The submarine cable industry has seen its share of strange happenings over the years, but an event last month at a beach in Rhode Island has to rank near the top.

On July 11, an explosion occurred at the Salty Brine State Beach in Narragansett, Rhode Island, that was powerful enough to throw one beachgoer 10 feet into the air and suffer broken bones.  The next two weeks saw an investigation that sounded like a detective story, except that the resolution was considered by most to be anti-climactic.  We in the submarine cable industry may disagree. 

While the immediate assumption was an explosive device or fireworks (it was only a week after the Fourth of July), these causes were quickly ruled out, as were possibilities such as gas pipelines or seismic events.

At this point, with investigators running out of ideas, experts from the University of Rhode Island Graduate School Of Oceanography (URI GSO) were brought in, led by Dr. Arthur Spivack, an oceanographer with expertise in geo-chemistry. 

The investigators’ only clue was an unusually high concentration of hydrogen gas in the sand near the explosion.  As their attention turned to where the gas could be coming from, they located a cable buried under the sand.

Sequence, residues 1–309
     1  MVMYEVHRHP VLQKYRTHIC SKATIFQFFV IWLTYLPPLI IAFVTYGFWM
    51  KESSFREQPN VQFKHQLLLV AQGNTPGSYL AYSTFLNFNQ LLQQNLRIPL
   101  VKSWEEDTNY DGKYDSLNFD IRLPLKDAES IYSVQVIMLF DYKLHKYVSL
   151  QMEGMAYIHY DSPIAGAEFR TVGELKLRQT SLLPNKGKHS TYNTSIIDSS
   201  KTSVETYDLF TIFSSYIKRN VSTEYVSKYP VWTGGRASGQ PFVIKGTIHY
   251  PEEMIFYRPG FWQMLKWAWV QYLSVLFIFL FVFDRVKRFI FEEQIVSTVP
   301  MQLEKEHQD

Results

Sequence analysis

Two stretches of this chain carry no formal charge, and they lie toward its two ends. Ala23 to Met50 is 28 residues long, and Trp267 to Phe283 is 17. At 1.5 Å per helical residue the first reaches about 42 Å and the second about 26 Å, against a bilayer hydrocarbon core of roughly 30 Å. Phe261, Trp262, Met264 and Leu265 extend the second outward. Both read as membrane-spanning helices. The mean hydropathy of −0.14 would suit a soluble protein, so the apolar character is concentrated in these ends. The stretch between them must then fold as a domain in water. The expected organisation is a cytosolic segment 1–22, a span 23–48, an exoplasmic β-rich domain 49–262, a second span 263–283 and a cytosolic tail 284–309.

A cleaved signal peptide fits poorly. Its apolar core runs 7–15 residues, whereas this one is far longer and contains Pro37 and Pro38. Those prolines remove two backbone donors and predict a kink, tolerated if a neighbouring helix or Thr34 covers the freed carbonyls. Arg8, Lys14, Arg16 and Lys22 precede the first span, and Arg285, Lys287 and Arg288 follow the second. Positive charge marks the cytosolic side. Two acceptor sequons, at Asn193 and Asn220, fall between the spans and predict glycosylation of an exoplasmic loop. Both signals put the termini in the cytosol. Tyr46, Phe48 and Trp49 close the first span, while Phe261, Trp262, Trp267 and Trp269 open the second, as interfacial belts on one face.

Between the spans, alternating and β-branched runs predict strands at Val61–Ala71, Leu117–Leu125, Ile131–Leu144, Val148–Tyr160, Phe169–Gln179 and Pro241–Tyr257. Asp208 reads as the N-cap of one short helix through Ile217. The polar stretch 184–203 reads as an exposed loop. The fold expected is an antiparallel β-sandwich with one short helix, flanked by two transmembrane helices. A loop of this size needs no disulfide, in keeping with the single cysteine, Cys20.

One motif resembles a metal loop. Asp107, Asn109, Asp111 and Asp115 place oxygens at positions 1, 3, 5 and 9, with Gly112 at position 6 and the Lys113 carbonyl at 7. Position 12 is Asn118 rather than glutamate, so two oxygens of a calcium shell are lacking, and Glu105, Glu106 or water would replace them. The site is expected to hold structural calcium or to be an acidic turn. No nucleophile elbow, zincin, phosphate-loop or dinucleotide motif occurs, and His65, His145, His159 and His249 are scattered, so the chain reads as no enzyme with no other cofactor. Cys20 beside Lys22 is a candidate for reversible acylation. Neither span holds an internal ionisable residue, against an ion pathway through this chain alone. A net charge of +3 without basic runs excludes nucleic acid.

The cable in question ran from a USCG station, across the beach, and then undersea to the end of a stone jetty, were it once powered a navigational beacon.  When power for the beacon was shifted to solar in 2007, the cable was “de-energized,” but remained under the sand at the beach.

After his investigation, Dr. Spivak reported that it was very likely the incident was caused by the combustion of a build-up of hydrogen gas in the beach sand, due to the corrosion of the cable.

The remains of the cable have been removed and the injured person is recovering.  The beach has been declared safe and re-opened to the public.  The governor of Rhode Island recognized the contribution of the URI GSO and thanked them for them efforts. 

Recently, the International Cable Protection Committee released a study proving as myth the popular media’s obsession with sharks eating submarine cables.  The beach explosion proves that reality sometimes can be even more bizarre than the media’s imagination.